You will notice that tucked in among all of those traditions is the Episcopal Church. In 1978, after graduating from college, I worked for a church-sponsored community center in Philadelphia. I tried out each of the Protestant churches that sponsored it, and I soon found myself quite drawn to the Episcopal Church. I loved the liturgy and the prayer book and what I saw as the exciting progressive changes taking place in the denomination. I was a feminist and a self-identified bisexual, an anti-nuclear activist, a socialist and a pacifist. I was deeply committed to overcoming sexism and homophobia in the churches. I found the Episcopalians that I knew in Philadelphia to be largely sympathetic to my priorities. My rector invited me to accompany him when he spoke to the gay Episcopal group Integrity and soon after I became part of their community. I studied Episcopal catechism and was confirmed. My rector urged me to go to seminary to become a priest, while the assistant priest urged me to join an Episcopal religious order and become a nun. I seriously considered both. In the meantime, I worked with the poor in a low income and racially torn neighborhood, fought against nuclear power, and continued to try to educate people on the evils of sexism and homophobia. However, I soon grew impatient with the Episcopal Church. Despite their progressive views, I found them largely unsympathetic to my personal priority of using inclusive language for both human beings and the divine, and I started to feel that a handful of female priests, a new prayer book, and openness to gay issues did not make the Episcopalians nearly progressive enough for my taste. By 1980, some friends from college had formed a coven back in my college town, and they encouraged me to read radical feminist and neo-pagan writers.  Soon after, I left Philadelphia and returned to the town where I had gone to college and where I have remained. I tried the local Episcopal Church for a while, but they were far less progressive than the folks in Philadelphia and they still used that weird old 1928 prayer book. What was their problem? Before long, I was done with the Episcopal Church, Christianity, and I had joined the coven, a group made up entirely of gay, lesbian, and bisexual people.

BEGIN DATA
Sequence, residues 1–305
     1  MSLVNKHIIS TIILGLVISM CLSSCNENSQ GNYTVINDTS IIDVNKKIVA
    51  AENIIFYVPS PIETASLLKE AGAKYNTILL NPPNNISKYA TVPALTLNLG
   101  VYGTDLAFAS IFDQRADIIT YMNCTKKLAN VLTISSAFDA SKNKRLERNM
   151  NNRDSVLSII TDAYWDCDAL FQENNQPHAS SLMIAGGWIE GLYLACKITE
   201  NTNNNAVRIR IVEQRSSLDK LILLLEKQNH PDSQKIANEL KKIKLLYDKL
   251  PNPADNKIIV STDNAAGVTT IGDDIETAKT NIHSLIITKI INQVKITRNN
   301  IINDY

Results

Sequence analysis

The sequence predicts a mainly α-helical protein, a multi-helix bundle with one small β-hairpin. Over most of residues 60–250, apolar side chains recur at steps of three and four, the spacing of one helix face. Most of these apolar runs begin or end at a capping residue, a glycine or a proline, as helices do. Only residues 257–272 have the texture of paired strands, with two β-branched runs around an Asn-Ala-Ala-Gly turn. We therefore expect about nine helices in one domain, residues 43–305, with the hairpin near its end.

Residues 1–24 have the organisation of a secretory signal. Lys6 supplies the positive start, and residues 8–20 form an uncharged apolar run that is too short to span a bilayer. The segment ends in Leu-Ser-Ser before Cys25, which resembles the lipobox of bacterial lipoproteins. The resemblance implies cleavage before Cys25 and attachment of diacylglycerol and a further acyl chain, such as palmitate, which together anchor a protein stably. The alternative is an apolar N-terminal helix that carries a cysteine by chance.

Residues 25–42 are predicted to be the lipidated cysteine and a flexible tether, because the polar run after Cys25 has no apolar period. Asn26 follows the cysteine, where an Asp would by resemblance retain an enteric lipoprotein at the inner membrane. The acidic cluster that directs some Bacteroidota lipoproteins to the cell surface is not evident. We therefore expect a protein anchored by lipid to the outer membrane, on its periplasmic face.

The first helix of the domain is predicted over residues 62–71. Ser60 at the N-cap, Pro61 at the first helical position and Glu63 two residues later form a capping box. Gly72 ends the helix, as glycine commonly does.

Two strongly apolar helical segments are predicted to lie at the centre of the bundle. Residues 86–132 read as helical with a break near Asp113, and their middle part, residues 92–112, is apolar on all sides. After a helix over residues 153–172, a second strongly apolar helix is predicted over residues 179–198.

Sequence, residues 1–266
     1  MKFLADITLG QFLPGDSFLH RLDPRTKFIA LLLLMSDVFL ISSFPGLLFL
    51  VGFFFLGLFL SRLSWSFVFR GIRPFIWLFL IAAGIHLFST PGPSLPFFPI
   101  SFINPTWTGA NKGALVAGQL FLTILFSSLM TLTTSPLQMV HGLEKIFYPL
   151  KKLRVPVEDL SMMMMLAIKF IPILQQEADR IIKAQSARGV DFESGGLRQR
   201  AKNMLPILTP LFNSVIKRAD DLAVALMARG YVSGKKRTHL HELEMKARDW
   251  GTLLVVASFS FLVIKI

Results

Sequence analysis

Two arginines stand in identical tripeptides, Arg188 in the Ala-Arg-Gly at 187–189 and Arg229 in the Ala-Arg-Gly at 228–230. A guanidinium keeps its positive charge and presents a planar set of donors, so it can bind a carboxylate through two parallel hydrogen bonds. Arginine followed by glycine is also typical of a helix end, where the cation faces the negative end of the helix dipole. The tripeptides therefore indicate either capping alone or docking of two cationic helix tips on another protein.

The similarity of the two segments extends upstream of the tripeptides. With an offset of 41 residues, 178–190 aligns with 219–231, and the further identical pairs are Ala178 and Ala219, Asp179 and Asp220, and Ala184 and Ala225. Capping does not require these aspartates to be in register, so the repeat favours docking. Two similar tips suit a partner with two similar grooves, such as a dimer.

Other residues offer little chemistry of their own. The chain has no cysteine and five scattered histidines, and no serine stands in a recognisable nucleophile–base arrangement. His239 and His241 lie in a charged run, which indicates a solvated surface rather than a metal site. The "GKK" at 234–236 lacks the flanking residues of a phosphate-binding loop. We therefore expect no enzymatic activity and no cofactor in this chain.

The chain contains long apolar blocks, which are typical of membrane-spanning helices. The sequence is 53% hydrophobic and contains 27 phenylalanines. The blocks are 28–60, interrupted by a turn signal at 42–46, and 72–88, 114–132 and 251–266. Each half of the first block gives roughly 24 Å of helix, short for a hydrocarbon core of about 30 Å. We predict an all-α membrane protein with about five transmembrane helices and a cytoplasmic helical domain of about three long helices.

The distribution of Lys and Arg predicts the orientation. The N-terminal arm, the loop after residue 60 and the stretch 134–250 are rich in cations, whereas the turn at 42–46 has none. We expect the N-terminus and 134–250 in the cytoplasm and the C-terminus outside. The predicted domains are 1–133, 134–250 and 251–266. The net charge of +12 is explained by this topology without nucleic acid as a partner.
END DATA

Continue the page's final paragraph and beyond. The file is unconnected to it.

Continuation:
Over the years, I have kept up with some of the changes in the Episcopal Church, and just recently, I have begun to pay more attention to the details. I am truly shocked by how far it has gone. I have just finished a book called Mortal Follies: Episcopalians and the Crisis of Mainline Christianity by William Murchison, which has increased my understanding of the changes in the Episcopal Church and other mainline churches in America since the 1960s. In looking back at the vast societal changes that began in the 60s, it is possible to see that they resulted in the questioning of authority on every level, including in religious matters. My own experience confirms this. I was born in 1954 and therefore the 60s occurred at a very formative time of my life. Although I was raised by a conservative family in a small town, the world was rapidly changing and my views were very much shaped by the civil rights movement, the Vietnam War and its protesters, the hippie counterculture, and the women’s and gay liberation movements. I learned early on to question authority and to challenge the status quo. This became a key component of my personality and my worldview. Whatever religious or political beliefs I held at any particular time were always open to question.